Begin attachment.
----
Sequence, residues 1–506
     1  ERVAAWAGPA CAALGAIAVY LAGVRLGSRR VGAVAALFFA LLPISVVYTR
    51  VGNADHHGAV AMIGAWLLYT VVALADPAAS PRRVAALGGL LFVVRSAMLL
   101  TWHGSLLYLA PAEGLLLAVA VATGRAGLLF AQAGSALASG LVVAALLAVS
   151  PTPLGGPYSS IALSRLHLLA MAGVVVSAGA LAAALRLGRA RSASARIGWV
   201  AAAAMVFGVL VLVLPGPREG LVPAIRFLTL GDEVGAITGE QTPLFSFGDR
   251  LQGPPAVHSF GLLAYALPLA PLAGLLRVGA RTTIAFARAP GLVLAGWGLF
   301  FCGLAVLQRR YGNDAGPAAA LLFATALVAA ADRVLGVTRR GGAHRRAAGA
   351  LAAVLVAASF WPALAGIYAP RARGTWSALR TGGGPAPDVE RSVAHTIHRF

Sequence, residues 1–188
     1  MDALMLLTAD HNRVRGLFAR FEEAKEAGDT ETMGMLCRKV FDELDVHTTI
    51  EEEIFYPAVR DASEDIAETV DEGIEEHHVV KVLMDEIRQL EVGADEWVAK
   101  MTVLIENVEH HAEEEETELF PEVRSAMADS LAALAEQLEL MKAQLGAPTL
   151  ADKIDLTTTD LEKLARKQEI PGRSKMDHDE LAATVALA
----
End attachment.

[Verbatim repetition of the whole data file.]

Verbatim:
Sequence, residues 1–506
     1  ERVAAWAGPA CAALGAIAVY LAGVRLGSRR VGAVAALFFA LLPISVVYTR
    51  VGNADHHGAV AMIGAWLLYT VVALADPAAS PRRVAALGGL LFVVRSAMLL
   101  TWHGSLLYLA PAEGLLLAVA VATGRAGLLF AQAGSALASG LVVAALLAVS
   151  PTPLGGPYSS IALSRLHLLA MAGVVVSAGA LAAALRLGRA RSASARIGWV
   201  AAAAMVFGVL VLVLPGPREG LVPAIRFLTL GDEVGAITGE QTPLFSFGDR
   251  LQGPPAVHSF GLLAYALPLA PLAGLLRVGA RTTIAFARAP GLVLAGWGLF
   301  FCGLAVLQRR YGNDAGPAAA LLFATALVAA ADRVLGVTRR GGAHRRAAGA
   351  LAAVLVAASF WPALAGIYAP RARGTWSALR TGGGPAPDVE RSVAHTIHRF

Sequence, residues 1–188
     1  MDALMLLTAD HNRVRGLFAR FEEAKEAGDT ETMGMLCRKV FDELDVHTTI
    51  EEEIFYPAVR DASEDIAETV DEGIEEHHVV KVLMDEIRQL EVGADEWVAK
   101  MTVLIENVEH HAEEEETELF PEVRSAMADS LAALAEQLEL MKAQLGAPTL
   151  ADKIDLTTTD LEKLARKQEI PGRSKMDHDE LAATVALA